Dear Ms. Wai,
I’ve been dating my Chinese boyfriend for two years and things are going great. We are planning to get our “little red books” (ed: that means married) in the fall after I finish grad school. We’ve been living together and share everything, including money. This is where our one problem comes from, but our problem is so big I’m afraid it might destroy our future.
Since I’m a student, I don’t have a full-time job or income. I tutor from time to time, but just for a little extra money. Rent, food, my expenses all comes from his salary. It’s fine, we are both frugal and prefer a simple life, so living on one salary isn’t a problem. Until last week.
I tried to get some money and he said there wasn’t any in our account. I asked him about it and he said payday was a week away and we’d just have to make due on whatever was left in our wechat wallet until then. I’m quite careful with money, and keep track of our expenses so I knew we should have had several thousand RMB in that account.
After I pressed him for awhile, he finally admitted he gave it to his parents. He said it was the duty of a good son to provide for his parents and support them. I get it, but here’s the thing: his parents have plenty of money! They don’t need ours! They live in a big house and his mom’s “hobby” is going shopping.
I was incredulous. How could he just give them all our money?! He said he needs to support them regardless of their lifestyle. But what about our lifestyle?! he said he made sure our rent and phone bills for the month were paid, and he would get his next paycheck before we needed to pay more bills, but still! I’m also extremely mad at him for sending the money without even telling me. We never make a big purchase without telling the other, yet he sent thousands of RMB without mentioning it.
I’m even kinda mad at my future in-laws for accepting it. If it was my family, my mom would never accept the money knowing we are a one income household. It’s not like my in-laws are stingy. They will throw big banquets for special events and once bought us a sofa. But why did they accept the money? They know our situation too so they know we need the money ourselves. And knowing my future Mother-in-law she used the money to buy a new pair of shoes or something equally meaningless.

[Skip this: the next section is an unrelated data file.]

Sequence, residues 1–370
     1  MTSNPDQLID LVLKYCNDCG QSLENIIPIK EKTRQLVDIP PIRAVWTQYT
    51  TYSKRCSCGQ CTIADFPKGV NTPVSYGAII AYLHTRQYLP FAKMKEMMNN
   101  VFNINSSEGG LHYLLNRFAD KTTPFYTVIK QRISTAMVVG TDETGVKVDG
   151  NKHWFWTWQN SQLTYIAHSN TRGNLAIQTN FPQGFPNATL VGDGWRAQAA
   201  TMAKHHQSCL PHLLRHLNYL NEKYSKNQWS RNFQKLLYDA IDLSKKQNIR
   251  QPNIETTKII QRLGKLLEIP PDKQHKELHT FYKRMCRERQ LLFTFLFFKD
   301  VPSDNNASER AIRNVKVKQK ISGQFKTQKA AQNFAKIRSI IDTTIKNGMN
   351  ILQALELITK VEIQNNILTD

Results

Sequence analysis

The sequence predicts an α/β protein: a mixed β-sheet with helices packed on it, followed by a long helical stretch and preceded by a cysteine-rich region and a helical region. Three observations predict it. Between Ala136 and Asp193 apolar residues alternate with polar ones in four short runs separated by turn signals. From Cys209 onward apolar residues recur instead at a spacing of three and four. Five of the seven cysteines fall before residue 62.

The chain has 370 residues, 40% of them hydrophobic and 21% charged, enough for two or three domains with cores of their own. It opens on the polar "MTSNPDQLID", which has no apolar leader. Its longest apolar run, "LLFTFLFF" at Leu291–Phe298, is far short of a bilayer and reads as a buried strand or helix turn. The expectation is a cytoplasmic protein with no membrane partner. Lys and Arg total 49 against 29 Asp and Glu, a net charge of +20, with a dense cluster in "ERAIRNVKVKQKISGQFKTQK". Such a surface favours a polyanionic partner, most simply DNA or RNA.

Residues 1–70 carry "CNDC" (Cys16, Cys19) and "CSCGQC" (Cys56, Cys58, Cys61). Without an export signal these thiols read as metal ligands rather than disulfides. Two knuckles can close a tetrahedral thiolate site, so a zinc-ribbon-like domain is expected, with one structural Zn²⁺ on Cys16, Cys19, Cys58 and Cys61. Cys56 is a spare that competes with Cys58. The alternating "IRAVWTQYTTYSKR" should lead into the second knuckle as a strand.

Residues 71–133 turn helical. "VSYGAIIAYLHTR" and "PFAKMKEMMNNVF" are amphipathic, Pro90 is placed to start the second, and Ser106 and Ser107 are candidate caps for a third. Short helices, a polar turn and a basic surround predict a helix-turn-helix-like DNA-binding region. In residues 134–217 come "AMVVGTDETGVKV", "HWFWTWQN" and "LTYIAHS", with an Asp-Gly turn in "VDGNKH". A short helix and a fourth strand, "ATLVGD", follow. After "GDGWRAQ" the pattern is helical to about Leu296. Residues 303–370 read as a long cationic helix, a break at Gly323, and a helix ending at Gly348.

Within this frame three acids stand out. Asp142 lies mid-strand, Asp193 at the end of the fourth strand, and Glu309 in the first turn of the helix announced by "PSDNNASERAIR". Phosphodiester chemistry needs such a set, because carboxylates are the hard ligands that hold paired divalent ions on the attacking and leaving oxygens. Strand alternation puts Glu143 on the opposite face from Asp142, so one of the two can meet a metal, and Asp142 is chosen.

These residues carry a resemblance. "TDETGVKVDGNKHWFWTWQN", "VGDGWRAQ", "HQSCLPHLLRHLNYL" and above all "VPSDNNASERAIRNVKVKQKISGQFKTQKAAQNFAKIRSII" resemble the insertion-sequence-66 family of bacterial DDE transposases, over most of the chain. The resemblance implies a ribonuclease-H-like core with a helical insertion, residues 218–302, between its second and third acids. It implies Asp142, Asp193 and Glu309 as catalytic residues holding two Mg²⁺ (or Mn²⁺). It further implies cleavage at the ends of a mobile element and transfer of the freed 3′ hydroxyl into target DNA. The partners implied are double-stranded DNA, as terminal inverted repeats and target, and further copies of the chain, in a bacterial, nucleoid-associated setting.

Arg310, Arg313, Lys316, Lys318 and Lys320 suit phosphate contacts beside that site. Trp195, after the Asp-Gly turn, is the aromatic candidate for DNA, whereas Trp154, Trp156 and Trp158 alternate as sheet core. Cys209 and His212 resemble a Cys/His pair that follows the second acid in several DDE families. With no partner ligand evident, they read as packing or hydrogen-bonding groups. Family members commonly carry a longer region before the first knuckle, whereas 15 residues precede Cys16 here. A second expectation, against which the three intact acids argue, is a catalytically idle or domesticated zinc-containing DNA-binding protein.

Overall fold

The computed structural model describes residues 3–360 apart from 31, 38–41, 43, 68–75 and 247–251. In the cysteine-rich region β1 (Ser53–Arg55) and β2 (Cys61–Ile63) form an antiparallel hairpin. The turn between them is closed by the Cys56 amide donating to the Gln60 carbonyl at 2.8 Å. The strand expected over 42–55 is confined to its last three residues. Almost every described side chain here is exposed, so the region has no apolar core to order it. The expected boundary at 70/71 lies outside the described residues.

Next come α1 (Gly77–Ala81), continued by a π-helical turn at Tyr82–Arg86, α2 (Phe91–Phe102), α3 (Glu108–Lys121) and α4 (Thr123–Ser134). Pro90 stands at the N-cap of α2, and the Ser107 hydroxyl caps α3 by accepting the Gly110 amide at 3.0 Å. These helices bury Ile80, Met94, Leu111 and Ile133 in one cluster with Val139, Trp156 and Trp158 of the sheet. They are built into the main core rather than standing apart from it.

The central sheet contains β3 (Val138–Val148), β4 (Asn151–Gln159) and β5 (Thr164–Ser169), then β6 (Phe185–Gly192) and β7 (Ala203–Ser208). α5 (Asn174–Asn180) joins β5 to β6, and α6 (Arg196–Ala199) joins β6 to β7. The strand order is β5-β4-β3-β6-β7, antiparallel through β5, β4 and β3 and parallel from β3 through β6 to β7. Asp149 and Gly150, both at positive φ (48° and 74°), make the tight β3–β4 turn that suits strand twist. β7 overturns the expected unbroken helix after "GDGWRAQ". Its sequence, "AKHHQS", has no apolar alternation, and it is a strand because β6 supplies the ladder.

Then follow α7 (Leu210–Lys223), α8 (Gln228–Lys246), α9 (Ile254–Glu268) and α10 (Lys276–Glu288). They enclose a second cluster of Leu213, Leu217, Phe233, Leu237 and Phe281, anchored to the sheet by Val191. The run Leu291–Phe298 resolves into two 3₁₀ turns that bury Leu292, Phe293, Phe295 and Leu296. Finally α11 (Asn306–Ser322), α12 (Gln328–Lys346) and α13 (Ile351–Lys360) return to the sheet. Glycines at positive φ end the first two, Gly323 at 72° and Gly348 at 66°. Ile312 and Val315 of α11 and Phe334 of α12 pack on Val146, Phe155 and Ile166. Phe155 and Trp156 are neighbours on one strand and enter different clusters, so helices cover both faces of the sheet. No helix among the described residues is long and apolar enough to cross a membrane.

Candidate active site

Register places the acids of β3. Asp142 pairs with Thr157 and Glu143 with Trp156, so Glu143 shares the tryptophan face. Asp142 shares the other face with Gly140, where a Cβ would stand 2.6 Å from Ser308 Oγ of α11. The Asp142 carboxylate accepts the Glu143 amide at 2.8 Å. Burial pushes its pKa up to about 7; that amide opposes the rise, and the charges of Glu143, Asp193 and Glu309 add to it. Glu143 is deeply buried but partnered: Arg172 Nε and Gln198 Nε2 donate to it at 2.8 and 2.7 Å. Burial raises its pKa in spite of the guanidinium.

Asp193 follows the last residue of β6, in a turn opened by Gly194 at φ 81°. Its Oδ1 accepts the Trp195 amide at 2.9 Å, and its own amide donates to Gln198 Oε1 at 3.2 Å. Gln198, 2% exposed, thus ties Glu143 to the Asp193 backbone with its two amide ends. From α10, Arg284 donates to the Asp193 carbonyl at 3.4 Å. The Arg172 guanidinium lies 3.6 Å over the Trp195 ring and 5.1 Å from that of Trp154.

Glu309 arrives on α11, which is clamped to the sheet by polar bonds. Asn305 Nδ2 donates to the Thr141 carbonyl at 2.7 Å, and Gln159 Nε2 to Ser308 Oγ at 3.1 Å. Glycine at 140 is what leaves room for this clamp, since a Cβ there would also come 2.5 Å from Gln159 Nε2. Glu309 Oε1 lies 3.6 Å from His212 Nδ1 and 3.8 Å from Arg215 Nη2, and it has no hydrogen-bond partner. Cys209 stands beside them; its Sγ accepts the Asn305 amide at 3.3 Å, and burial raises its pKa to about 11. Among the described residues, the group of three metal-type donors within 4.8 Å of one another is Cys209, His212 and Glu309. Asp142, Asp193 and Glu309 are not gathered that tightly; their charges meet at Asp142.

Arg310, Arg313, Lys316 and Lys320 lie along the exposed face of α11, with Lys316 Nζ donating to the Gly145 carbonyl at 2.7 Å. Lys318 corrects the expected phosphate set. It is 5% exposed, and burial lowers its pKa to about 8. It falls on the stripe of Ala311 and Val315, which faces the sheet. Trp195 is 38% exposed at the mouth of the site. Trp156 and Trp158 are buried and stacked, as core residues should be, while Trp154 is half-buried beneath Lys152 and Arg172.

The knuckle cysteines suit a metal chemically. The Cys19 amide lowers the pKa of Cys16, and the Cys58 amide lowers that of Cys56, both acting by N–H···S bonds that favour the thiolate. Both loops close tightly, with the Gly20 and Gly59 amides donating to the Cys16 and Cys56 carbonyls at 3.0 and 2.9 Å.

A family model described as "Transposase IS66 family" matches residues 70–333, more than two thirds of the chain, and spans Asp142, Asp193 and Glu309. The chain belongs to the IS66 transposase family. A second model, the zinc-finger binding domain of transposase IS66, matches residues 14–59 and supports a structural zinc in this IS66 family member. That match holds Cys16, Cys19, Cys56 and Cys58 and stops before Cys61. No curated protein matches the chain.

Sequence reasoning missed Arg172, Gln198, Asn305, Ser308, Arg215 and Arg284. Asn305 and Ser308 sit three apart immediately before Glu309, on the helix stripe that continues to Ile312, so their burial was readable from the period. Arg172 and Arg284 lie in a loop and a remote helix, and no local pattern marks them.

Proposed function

I was really upset and cried the whole night. He never even said he was sorry. He said it was his “duty” and that I had to accept it. But how can I accept him just spending all our money like that! How can I trust him?
Money is one of the most common reasons for divorce and in a cross-cultural relationship it’s even worse. If you want to start the marriage off on the right foot, you need to talk about this now, before you get the little red books.
In China, kids are raised with the idea that they will take care of their parents (financially) when they get old. It’s expected and your boyfriend is just trying to be a filial son. he grew up with the idea that his parents sacrificed everything for him, so now he has to sacrifice for them. for him, going a week without money is a small price for all those years of care his parents gave him.
But you need to show him that you need to be included and you need to plan this together. Even though you need the money more than his parents, he will probably get very upset if you insist you don’t give them money. You’re basically telling him to be a “bad” guy and he won’t be happy about that.
So what you need to do instead is come up with a plan together. Tell him he cannot just do whatever he wants with the money because you are building a life together and that includes managing money together. Then come up with a payment plan, an amount every month that he can give his parents. It might seem unfair to give them money when you need it more, but if your husband is insistent then consider it “Chinese parent tax.”
You can find an amount that is enough to satisy his filial piety conscious, but will leave you something as well. And if he balks about lessening the amount, just remind him that after you graduate you can get a job and he can increase (slowly) the amount he gives them. Tell him you appreciate the respect he has for his parents and putting family first, but if you are going to get married he has to respect YOU as his family too, and that means having more money than the bare minimum needed for survival.
It might mean a few nights of uncomfortable conversations, maybe a few tears, and some compromises on both sides, but working through your financial plan now, before you get married, will hopefully make things easier in the long run.